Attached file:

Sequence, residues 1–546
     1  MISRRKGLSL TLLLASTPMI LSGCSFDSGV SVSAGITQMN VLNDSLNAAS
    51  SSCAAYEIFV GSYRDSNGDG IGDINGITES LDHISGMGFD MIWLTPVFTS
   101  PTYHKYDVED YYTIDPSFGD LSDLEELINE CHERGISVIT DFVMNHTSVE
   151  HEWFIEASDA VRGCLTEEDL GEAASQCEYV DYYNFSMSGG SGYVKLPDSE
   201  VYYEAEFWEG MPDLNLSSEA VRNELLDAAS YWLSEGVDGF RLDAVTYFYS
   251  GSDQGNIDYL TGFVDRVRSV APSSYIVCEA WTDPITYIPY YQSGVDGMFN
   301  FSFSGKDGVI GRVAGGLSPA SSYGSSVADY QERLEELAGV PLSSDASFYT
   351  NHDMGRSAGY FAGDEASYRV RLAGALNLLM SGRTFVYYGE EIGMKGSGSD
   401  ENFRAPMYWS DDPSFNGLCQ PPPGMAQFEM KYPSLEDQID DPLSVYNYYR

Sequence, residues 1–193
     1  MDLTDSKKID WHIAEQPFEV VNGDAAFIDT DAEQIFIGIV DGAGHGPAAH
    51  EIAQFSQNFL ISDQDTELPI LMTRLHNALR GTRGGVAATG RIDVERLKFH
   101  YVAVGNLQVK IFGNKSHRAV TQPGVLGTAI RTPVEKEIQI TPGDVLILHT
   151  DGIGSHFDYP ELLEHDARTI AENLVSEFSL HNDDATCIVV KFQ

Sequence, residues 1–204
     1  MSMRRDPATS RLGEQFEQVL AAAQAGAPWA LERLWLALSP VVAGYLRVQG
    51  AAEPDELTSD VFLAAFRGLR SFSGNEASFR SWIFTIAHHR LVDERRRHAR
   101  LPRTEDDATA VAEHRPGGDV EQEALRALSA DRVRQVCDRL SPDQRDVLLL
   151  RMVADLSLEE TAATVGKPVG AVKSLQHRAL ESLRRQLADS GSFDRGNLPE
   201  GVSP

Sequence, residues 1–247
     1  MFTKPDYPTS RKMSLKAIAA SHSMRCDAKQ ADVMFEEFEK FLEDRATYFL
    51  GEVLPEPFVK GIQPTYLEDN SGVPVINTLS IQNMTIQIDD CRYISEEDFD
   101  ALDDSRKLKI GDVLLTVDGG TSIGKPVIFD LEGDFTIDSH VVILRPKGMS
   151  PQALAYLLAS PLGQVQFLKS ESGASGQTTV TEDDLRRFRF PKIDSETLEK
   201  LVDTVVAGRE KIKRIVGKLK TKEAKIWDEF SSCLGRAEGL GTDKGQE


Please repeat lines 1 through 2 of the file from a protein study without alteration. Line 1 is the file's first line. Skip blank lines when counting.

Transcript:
Sequence, residues 1–546
     1  MISRRKGLSL TLLLASTPMI LSGCSFDSGV SVSAGITQMN VLNDSLNAAS